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How to Honor a Veteran Today and Everyday

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How to Honor a Veteran Today and Everyday

Anthony D'Alicandro

Anthony is a licensed Real Estate Broker in NJ & PA...

Anthony is a licensed Real Estate Broker in NJ & PA...

Nov 12 4 minutes read

One hundred years ago, on the eleventh hour of the eleventh day of the eleventh month, we marked the end of the “war to end all wars.” That day, which was to be observed annually on the eleventh day of the eleventh month, became known as Armistice Day and then, later on, became Veterans Day.

But Veterans Day is not for veterans. They don’t serve for thanks or recognition. Veterans Day sets aside a day for those of us who haven’t worn the uniform to acknowledge those who have.

So today, we honor and remember.

If you ask a military family, ANY military family, how you can help them, they will respond without hesitation, “Make sure my service member is taken care of.” 

If you ask a service member, ANY service member, how you can best honor them, they will respond without hesitation, “Take care of my family.”

Don’t know anyone who has served or is serving? More than likely, there are veterans in your midst. Each year, 260,000 military personnel relocate to new communities, and another 230,000 transition out of the military. In total, there are 22 million veterans among us in the world.

For those who relocate through a Permanent Change of Station (or PCS), it can be a pretty stressful time. There isn’t a lot of time to find a new place to live and the timeline is more accelerated for finding a place to call home.

MILLIE is an online community and digital marketplace that connects members of the military and their families with specialized knowledge and trusted resource providers to alleviate the stress of PCSing.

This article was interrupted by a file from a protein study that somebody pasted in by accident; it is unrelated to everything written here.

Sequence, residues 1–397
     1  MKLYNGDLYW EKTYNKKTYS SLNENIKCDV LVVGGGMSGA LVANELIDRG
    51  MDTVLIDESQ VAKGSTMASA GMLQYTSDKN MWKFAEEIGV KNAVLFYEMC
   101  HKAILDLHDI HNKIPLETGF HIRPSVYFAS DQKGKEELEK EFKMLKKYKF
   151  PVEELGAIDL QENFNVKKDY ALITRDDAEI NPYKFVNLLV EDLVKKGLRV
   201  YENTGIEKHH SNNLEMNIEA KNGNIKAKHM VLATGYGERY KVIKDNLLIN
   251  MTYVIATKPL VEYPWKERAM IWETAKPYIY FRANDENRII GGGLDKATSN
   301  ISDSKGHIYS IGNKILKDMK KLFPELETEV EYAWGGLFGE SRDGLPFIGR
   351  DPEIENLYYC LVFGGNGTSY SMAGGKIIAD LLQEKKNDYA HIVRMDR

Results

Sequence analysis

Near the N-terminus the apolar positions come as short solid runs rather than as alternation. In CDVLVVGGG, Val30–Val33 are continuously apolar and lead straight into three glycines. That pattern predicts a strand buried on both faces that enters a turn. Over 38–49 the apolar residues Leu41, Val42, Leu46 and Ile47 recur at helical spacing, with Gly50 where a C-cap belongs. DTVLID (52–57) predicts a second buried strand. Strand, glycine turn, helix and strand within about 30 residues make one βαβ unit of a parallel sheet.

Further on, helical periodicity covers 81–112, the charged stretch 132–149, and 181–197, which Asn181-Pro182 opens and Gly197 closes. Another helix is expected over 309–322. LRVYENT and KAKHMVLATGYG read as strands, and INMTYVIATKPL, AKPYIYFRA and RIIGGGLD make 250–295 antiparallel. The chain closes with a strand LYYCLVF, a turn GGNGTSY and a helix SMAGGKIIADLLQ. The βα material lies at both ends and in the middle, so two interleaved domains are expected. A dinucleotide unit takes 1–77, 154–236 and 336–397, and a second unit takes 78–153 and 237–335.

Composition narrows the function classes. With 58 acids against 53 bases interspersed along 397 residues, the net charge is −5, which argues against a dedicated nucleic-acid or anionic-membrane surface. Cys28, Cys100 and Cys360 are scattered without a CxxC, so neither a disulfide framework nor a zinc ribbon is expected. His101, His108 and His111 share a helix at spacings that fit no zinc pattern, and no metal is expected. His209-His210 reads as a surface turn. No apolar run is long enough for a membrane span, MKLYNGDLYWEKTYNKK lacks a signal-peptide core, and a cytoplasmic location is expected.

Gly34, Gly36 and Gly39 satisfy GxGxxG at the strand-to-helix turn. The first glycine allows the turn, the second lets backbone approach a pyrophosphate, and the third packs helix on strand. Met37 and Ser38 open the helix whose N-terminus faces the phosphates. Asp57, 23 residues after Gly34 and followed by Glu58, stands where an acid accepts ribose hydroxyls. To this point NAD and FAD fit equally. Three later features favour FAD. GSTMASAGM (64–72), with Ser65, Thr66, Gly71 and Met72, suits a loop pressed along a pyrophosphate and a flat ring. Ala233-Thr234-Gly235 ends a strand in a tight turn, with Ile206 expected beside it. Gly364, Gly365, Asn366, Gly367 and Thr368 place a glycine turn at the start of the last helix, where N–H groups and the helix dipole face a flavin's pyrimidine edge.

According to MILLIE, “70% of active duty families live off the installation and in the surrounding communities.” Wondering what you can do to help make a recently PCSed family feel welcome?

A recent survey of military families revealed that,


“When respondents described the support they most appreciate, family, friends, and faith-based communities rose to the top. When they described the support they needed, they called for more networking, communication, and support groups. 

Families said that when leaving service, they feel as though they do not fit into the civilian world. Forging partnerships between military and civilian support systems will encourage pathways of understanding.”


If you find out that your new neighbor may have been PCSed, make an effort to share what you know about your community, from the best pizza place to where you can get your oil changed.

If you know that the service member of the family is actively deployed, helping out with tasks like mowing the lawn or bringing over a home-cooked meal are small gestures that will go a long way towards welcoming this family into their new home.

Bottom Line

Today, we honor and remember those who have served for our country. Everyone always asks what they can do to help, sometimes the simplest answer is the best one.

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